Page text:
Interaction in Prevention: A General Theory and an Application to COVID-19 Pandemic
36 Pages Posted: 1 Jun 2022 Last revised: 13 Sep 2022
Date Written: September 12, 2022
Prevention efforts often involve spillovers, positive or negative, on other individuals, but this is neglected by standard models of risk prevention.
We analyze strategic interaction between decision makers whose effort affects each other's risk.
We characterize response functions and Nash equilibria, providing proof of existence and analyzing the Pareto efficiency and possible multiplicity of equilibria.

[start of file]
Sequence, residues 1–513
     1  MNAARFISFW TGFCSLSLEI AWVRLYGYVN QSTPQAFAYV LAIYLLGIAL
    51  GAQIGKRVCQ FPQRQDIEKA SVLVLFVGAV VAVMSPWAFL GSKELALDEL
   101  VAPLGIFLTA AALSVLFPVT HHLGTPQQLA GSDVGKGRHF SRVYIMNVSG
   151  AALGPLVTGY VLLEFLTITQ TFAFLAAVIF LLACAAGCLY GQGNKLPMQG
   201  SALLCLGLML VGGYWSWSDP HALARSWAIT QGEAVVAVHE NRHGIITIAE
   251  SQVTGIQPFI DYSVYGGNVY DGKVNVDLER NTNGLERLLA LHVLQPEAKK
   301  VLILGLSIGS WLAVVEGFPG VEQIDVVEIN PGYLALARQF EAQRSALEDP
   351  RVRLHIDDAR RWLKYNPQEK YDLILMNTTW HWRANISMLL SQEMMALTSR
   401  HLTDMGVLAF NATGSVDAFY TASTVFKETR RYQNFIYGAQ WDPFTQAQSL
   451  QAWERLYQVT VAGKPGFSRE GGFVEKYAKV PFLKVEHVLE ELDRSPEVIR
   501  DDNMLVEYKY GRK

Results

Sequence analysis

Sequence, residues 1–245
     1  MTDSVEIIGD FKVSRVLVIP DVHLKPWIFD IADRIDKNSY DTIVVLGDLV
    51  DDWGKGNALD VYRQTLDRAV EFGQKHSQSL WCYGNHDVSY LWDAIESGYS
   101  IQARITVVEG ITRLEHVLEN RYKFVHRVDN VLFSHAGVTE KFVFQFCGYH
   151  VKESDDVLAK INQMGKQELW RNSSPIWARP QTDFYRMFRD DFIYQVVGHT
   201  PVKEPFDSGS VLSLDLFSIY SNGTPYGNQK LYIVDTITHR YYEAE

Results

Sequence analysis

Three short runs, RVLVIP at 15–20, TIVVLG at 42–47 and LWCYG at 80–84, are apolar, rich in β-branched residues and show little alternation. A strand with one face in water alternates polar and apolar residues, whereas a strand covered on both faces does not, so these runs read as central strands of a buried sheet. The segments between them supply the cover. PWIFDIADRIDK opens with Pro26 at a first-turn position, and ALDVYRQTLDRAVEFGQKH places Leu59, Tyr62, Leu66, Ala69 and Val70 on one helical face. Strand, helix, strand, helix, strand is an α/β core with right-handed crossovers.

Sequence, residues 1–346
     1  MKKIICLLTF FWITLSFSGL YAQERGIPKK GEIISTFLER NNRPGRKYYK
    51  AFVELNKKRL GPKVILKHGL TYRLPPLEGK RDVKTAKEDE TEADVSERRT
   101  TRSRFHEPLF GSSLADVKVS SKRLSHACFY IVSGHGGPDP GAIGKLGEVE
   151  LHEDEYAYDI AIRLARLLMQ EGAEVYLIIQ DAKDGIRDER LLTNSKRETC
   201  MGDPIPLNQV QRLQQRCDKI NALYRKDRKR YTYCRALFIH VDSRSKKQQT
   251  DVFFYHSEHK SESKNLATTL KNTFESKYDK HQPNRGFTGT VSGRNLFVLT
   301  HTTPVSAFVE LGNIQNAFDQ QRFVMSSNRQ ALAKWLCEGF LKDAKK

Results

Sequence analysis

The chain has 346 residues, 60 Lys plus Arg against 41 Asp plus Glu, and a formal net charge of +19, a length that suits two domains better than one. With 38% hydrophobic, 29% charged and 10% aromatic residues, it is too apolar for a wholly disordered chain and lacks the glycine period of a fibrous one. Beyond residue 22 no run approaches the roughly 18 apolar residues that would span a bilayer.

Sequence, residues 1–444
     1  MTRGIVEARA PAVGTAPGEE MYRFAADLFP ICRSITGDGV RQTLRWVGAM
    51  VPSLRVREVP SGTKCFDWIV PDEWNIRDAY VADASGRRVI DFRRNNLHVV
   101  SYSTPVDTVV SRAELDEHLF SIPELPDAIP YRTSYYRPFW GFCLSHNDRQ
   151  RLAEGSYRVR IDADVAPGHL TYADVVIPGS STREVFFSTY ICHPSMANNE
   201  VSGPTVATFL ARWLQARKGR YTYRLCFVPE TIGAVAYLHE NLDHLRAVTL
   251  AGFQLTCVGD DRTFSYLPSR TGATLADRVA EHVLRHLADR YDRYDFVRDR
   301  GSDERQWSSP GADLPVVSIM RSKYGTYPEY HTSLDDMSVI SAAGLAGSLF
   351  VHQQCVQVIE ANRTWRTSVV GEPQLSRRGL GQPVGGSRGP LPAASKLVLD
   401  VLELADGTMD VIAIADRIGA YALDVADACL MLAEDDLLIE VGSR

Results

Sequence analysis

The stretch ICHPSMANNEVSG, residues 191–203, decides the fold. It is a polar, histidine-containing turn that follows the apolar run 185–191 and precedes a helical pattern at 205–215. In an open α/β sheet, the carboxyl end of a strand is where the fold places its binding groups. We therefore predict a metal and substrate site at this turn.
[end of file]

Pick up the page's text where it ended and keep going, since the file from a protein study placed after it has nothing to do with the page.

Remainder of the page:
We then analyze the optimal effort level from a social point of view, finding conditions under which Nash equilibria are characterized by under- or over-provision of effort, which calls for policy interventions.
Finally, we specialize our model to describe the risk of COVID--19 infection.
The features of contagion are consistent with the existence of asymmetric equilibria where the high effort exerted by one decision maker pushes another to exert low effort.
Moreover, socially optimal mandatory policies, for instance concerning face masks, can cause a decision maker to decrease exerted effort.
Funding Information: None to declare.
Conflict of Interests: None to declare.
Keywords: prevention, interaction, COVID-19, contagion
JEL Classification: D81, C72, I12
Suggested Citation: Suggested Citation